Even hotels need some form of cyber security insurance, as the latest major breach proves.
World-renowned hotel chain InterContinental Hotels Group has announced that a third of its franchised properties in the US were attacked late last year by malware that can indiscriminately steal the credit card information of guests.
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Holiday Inn, Holiday Inn Express, Hotel Indigo, Crowne Plaza, Candlewood Suites and Staybridge Suites were the brands most affected by the malware, the company revealed.
InterContinental spokesperson Neil Hirsch said on Wednesday that about 1,200 US-based properties and one hotel in Puerto Rico were hit with the malware between September 29 and December 29. Hirsch confirmed that the company had 3,633 franchised properties in the Americas by the end of 2016, and that only a “small percentage” of franchisees have not yet taken up the company’s offer to assess their systems for any signs of malware.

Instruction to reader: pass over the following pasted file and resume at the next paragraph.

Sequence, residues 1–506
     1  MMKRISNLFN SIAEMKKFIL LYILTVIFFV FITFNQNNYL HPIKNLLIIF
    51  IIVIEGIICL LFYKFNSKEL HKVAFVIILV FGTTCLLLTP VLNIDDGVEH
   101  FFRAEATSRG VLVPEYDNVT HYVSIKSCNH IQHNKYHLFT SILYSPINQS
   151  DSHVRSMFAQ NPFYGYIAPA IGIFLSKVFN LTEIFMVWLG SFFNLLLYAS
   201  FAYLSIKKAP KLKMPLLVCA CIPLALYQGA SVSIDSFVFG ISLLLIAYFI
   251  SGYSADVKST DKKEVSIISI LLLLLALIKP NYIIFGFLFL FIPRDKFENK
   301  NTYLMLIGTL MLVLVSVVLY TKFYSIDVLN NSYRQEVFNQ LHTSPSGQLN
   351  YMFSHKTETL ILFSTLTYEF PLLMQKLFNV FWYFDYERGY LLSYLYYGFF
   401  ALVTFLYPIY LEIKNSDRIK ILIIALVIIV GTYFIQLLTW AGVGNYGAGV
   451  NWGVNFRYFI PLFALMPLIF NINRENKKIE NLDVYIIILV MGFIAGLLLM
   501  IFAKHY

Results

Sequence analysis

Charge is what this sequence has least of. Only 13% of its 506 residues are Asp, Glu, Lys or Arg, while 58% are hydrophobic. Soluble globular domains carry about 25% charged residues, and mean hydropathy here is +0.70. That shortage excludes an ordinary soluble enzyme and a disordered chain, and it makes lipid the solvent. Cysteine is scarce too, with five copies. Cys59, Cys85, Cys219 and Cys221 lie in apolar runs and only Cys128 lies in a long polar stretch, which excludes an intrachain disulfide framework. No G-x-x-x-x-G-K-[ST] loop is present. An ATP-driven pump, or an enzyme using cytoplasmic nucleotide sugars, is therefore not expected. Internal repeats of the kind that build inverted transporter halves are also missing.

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The company added that there is no evidence of unauthorized access to payment card data after December 29, 2016. InterContinental also admitted that the cyber security team under its employ was unable to detect the malware until this February and March.
The Globe and Mail reported that the malware searched for track data read from the magnetic strip of a payment card whenever one is used through an affected hotel server. Information that can be mined from the scanned strip includes the cardholder’s name, card number, expiration date, and internal verification code.
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